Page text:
The Scientific Advisory Body on Nutrition (SACN) in the UK could soon change Britons’ daily diets because individuals who are not regularly exposed to sunlight require additional doses of Vitamin D supplements. Given the recent news, we thought some readers might like to know some of the benefits of Vitamin D supplements for their bodies and minds.
According to medical experts, vitamin D is the main responsible for the correct deposit of calcium in our bone system. Lack of vitamin D may lead to frail bones and teeth, especially among children, whose skeletal systems are much more sensitive than the ones of the adults. One pill of vitamin D per day could help prevent rickets, a disease that is affecting many children at present.
Women, too, require a bigger dose of vitamin D, particularly during their menstruation period when they require additional intakes of calcium. Taking regular supplements of vitamin D could help women avoid many menopause-specific affections, such as osteoporosis and arthritis.
The benefits of vitamin D are no longer questioned as both medical experts and patients have noticed an improvement in their health condition. However, many discussions are now being made in relation to the daily intake that people need, as well as, in relation to the best methods of obtaining vitamin D.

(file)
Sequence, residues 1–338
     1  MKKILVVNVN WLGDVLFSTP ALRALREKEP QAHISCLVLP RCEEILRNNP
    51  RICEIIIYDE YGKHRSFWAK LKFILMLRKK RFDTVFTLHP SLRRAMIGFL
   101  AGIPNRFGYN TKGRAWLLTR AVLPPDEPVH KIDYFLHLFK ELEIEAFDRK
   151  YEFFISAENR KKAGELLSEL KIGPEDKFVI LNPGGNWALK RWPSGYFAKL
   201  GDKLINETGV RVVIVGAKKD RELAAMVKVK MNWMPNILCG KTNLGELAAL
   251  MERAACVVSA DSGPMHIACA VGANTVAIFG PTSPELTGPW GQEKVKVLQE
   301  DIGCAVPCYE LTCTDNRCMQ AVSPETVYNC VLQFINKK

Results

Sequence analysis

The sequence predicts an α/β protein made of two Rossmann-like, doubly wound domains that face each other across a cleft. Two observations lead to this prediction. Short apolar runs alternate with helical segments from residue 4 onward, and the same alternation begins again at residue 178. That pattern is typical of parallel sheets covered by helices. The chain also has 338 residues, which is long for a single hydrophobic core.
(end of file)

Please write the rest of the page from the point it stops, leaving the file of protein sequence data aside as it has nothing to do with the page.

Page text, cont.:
Previous tests have shown that sunlight is the best source of vitamin D, ensuring the assimilation of the right amount of supplements from the daily products we consume. Unfortunately, recent medical tests have revealed that few people take sufficient vitamin D from their food and additional doses should be provided to avoid future health problems.
This need has become all the more obvious among populations in the northern areas where the sun rays are very mild, not to mention rare. These population have to expose themselves during special time intervals in order to assimilate the amount of vitamin D they need per day. This is almost impossible nowadays, considering that very few people stay and work in the outdoors, compared to previous generations.
As a consequence, medical experts and authorities are now working to determine how much vitamin D individuals should take. So far, they have found out that children, pregnant women, people over 65 years old and those with darker skins should complement their daily diets with vitamin D supplements.
The new findings could lead to a new system of medical recommendations, scientists have concluded.
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